CWC: Working With Landowners For Conservation

Are you familiar with the Chautauqua Watershed Conservancy? CWC is your local land conservation, watershed education and pollution prevention organization. Our mission is to preserve and enhance the water quality, scenic beauty and ecological health of the lakes, streams, wetlands and watersheds of the Chautauqua region. The basis of our work is the scientific principle that clean waters drain from healthy, natural landscapes to provide healthy streams, lakes and drinking water supplies. The safety of the water you drink every day is dependent upon healthy, pollution-free landscapes collecting, filtering, storing and delivering water to your well, your community’s wells or your community’s drinking water reservoir stream. If you drink water, fish, swim, boat, paddle, sail, hunt, birdwatch, hike or snowshoe in Chautauqua County, then our work is important to you!

We employ the same conservation practices that organizations like The Nature Conservancy and Ducks Unlimited do, but donations made to the CWC go to working with local landowners to conserve wetlands and streams that provide waterfowl and trout habitat and clean waters to our lakes only here in Chautauqua County! Since 1995, the CWC (itself and partnering with the NYSDEC) has conserved over 1,100 acres countywide, including over two miles of the wild shoreline of Chautauqua Lake and the Chautauqua Lake Outlet. With only 10 percent of the lake’s shoreline remaining in a natural condition, conserving these sites has saved essential habitat to sustain fish and wildlife populations. If you are a birder or waterfowl hunter, you will be pleased to know that CWC has conserved 425 acres of wetlands to date, including several tracts on or near Chautauqua and Cassadaga Lakes and Cassadaga Creek. CWC’s shoreline and wetland conservation activities also strongly support Chautauqua Lake as a New York Audubon-designated Important Bird Area.

CWC accomplishes its work by providing public watershed education and, most importantly, working directly with landowners to assist them in conserving their lands or enhancing and restoring them as functional pollution filters and fish and wildlife habitat. Healthy streams need healthy wild corridors of trees, shrubs and wetland vegetation to filter the waters entering and passing through them. Stream life needs leaf litter and woody debris to support the food chain for trout and other fish, which then become the food for Kingfishers, Great Blue Heron and other birds, and even food for river otters. CWC encourages and provides technical assistance to lakeshore and stream bank owners to address erosion and restore natural habitats along waterways to filter pollutants and provide good habitats. Over the last six years, CWC has been very successful in persuading lakeshore owners to return their lakeshores to natural vegetation. Even a narrow strip of native lakeshore vegetation only 5-10 feet wide discourages geese and provides cover for reptiles and amphibians and habitat for insects important to the lake’s food web. To date, approximately 25 percent of property owners on Chautauqua Lake have at least a partial natural lakeshore buffer in place. In some neighborhoods along the northern basin, over 50 percent of the shoreline properties have natural buffers in place! CWC’s conservationists have been very active facilitating stream erosion control and habitat improvement projects, including projects on Goose Creek and Prendergast Creek and their tributaries, Ball Creek, as well as Clear Creek in Ellington. We partner with the County Soil & Water Conservation District, Chautauqua Lake & Watershed Management Alliance, USDA-Natural Resources Conservation Service and County Department of Planning and Economic Development with the support of the Chautauqua Region Community Foundation, Northern Chautauqua Community Foundation and Lenna Foundation to accomplish this stream work.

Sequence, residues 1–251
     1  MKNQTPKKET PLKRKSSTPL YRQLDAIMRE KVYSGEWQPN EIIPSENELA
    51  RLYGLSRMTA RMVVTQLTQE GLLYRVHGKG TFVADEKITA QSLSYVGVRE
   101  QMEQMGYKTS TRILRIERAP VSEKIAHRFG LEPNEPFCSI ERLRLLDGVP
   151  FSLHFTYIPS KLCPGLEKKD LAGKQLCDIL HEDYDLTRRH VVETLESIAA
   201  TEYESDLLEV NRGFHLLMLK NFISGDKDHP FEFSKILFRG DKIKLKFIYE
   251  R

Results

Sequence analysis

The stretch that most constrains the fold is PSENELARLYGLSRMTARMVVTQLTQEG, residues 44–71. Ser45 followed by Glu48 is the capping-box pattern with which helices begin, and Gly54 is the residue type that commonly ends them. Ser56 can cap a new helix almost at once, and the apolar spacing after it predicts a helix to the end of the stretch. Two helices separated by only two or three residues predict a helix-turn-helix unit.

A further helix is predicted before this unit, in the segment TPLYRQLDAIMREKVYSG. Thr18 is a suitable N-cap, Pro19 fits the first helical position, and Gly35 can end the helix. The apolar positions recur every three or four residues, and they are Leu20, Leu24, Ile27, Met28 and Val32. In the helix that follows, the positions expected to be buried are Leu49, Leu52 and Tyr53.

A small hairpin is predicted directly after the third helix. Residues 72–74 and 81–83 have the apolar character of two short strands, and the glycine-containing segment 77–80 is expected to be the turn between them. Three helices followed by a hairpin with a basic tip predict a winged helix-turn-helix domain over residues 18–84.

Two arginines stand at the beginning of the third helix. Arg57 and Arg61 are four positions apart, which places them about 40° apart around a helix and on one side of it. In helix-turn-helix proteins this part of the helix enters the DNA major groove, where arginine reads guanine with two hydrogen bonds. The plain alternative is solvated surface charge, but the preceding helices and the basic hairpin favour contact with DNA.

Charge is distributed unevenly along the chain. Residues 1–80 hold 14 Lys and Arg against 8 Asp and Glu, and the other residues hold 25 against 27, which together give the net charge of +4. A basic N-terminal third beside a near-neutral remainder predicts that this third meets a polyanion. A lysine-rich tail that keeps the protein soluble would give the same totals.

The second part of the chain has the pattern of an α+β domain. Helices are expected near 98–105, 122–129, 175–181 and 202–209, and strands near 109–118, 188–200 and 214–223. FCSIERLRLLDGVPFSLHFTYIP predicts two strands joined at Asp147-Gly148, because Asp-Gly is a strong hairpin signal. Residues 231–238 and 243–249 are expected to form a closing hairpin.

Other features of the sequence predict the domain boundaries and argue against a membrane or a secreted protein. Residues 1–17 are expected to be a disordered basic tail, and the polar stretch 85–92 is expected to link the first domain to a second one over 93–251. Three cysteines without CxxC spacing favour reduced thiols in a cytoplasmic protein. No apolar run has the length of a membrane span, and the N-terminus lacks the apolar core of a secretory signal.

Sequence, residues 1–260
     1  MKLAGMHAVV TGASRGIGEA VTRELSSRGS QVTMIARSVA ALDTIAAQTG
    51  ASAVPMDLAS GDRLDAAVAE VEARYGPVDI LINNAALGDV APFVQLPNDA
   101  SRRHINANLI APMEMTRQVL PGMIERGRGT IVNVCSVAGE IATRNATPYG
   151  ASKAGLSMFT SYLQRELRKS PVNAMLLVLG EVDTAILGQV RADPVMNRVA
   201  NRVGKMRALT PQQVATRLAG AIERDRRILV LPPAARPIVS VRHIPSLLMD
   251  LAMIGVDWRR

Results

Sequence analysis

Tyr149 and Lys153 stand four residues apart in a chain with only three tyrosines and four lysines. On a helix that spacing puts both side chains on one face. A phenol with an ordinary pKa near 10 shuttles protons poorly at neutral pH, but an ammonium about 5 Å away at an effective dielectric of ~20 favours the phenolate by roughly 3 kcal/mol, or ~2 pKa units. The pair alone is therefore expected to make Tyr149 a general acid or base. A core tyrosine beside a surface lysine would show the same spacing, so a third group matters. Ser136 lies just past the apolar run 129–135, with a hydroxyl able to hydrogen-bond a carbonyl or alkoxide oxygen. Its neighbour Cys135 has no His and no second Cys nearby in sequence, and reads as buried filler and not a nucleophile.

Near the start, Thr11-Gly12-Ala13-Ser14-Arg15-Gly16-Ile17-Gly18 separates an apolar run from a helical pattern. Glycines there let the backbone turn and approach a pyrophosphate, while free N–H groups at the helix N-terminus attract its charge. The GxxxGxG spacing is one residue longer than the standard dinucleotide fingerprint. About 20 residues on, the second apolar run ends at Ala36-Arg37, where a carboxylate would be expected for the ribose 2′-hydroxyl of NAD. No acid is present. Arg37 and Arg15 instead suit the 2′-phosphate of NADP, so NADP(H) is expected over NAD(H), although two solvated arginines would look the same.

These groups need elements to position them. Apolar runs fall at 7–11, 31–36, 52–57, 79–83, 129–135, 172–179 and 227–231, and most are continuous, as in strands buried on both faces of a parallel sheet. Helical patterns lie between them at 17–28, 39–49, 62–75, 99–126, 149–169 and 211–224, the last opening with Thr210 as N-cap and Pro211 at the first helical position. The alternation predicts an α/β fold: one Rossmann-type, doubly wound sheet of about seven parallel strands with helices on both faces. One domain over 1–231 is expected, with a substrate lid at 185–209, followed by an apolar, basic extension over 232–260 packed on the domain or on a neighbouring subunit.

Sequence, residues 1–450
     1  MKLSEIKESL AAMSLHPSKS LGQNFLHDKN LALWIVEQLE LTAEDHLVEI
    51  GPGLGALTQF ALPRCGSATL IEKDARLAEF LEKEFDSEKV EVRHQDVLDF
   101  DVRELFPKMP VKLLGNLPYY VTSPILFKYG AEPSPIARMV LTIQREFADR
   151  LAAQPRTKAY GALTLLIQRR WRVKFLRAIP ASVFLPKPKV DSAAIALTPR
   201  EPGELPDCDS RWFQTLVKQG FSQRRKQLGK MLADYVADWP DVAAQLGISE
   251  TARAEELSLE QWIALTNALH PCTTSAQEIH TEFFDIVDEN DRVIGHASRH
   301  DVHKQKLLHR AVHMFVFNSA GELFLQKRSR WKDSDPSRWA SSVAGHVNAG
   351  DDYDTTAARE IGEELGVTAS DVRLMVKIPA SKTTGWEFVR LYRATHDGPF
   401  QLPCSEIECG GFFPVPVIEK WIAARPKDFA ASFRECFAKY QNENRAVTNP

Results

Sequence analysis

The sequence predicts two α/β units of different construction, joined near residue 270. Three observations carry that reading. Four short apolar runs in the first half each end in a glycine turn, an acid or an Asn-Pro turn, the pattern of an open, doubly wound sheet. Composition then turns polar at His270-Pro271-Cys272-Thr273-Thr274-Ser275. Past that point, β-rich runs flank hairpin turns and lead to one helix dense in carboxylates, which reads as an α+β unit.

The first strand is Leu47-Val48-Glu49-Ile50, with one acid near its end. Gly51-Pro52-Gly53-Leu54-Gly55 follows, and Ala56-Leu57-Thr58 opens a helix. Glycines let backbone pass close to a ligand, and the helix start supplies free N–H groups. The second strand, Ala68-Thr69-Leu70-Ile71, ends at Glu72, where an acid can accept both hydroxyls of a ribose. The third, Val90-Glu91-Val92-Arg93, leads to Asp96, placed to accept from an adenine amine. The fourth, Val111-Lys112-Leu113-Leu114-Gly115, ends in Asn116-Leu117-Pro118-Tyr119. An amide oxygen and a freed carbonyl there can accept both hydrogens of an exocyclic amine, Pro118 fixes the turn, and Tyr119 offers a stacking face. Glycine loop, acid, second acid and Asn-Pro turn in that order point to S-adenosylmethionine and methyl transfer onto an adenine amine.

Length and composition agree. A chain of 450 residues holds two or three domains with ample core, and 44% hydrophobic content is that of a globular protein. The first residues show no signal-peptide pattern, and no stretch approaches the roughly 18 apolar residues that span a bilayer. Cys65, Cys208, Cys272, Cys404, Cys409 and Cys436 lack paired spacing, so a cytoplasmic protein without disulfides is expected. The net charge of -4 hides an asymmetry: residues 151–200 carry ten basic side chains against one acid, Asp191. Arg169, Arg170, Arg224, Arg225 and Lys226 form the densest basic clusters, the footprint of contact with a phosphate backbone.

For 2018, CWC seeks to work with landowners to conserve 240 feet of lakeshore on Chautauqua Lake at Whitney Point, 50 acres with over 2,000 feet of Cheney Creek, 20 acres of wetlands near Big Inlet, 77 acres on Cassadaga Lake, 75 acres near Cassadaga Creek, and 24 acres on Cattaraugus Creek. CWC is also implementing its Starve the Algae, Save the Lake program for Chautauqua Lake to persuade residential landowners not to fertilize the lake and to identify and address nutrient and erosion hotspots polluting the tributaries to the lake.

CWC’s actions are primarily funded by membership donations. You can help maintain our outdoor heritage. These projects can only happen with your generous support. CWC’s 2017-18 Annual Membership Campaign is now underway. CWC’s office is in Jamestown, our employees are local residents, and our conservation actions are limited to projects within our county. Please consider calling the CWC at 664-2166 or giving at our website to support these projects. Donations to CWC may be tax deductible to the fullest extent allowed by the IRS. Please call us or e-mail us at info@chautauquawa-tershed.org for more information on giving or volunteering.

The Chautauqua Watershed Conservancy is a local not-for-profit organization that is dedicated to preserving and enhancing the water quality, scenic beauty and ecological health of the lakes, streams, wetlands and watersheds of the Chautauqua region. For more information, call 664-2166 or visit www.chaut-auquawatershed.org or www.facebook.com/chautauquawatershed.

COMMENTS